Nov. 26, 2014
With last week’s sudden and unexpected snowfall that rendered driving conditions hazardous in much of Ontario, drivers had to suddenly adapt to “drive according to conditions” as this aspect of winter came early.
Venturing out on the provincial highways during the winter months during these stormy periods is always undertaken with some degree of trepidation as we determine to which specific conditions we need to adapt our driving style, the speeds that are safe for driving or whether we would be better off staying home and making the trip another day. Citizens refer more and more often to weather reports and forecasts on various online sites as they make their decisions about when, or even if, to venture on a highway trip on a stormy day.
As a further aid to this kind of critical decision making, two southern Ontario municipalities are this year making available the progress of their snowplows and salt trucks in real time on their websites. At least one of these, the City of Vaughan north of Toronto also has an app that a resident can download for easy access or they can seek the status of the municipal snowplows and salt trucks by typing in www.whereismysnowplow.com.
The website shows the streets/roads where the snowplow is at that moment (salt trucks too) as well as showing when the last pass along that same stretch of roadway was completed.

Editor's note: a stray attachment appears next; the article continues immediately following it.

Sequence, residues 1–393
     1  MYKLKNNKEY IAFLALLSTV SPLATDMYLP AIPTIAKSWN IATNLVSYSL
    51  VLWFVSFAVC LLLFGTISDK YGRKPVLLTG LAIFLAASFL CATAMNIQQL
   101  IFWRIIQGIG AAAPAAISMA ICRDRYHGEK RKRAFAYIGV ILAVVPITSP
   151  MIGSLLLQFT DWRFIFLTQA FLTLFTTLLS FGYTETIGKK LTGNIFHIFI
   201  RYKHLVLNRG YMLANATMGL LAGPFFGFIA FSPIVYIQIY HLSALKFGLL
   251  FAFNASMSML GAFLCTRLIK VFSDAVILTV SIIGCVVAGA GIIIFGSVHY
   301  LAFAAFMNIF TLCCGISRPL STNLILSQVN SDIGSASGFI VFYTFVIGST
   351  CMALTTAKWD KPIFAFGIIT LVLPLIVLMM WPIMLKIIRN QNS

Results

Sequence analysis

That’s called accountability and for citizens contemplating a trip within that municipality on a stormy day, it makes the planning of the trip immeasurably simpler and potentially safer.
If a large municipality with lots of streets and roads can make this valuable information available to its citizens in the interest, at the very least, of public safety so should the Ontario Ministry of Transportation (MTO) feel obliged to give Ontarians access to the whereabouts of snowplows and salt trucks, online, on a region by region or highway by highway basis or both so that anyone in Ontario planning a driving trip on a provincial highway can see for themselves how recently a plow or salt truck has been on, or will be on, the highway where they will be travelling.
All of the vehicles under contract to the MTO are already equipped with Global Positioning Systems (GPS) transmitting devices so the staff at the various patrol headquarters can see how the rolling stock is progressing. It would be a simple thing to make this same information completely transparent and able to be called up in real time either within regions or on a highway by highway basis.
This would be a very useful tool and would enable Ontarians to make travel judgments on an enormously more informed basis.
In the not-too-distant past, Ontarians had access to a series of toll-free numbers, district by district, which could be called for information about the state of winter highways. At one time, one would speak to a knowledgeable person who would advise on the road conditions on particular highways. Later on, this personal service was replaced by a recorded message.
But an online, real time map that shows a snowplow’s and sand truck’s progress on a given highway, together with the most recent snowplowing activity would be far more useful than either of these old options.
It would also be an enormous good faith gesture to the citizens of Northern Ontario for whom long stretches of winter driving are often not an option.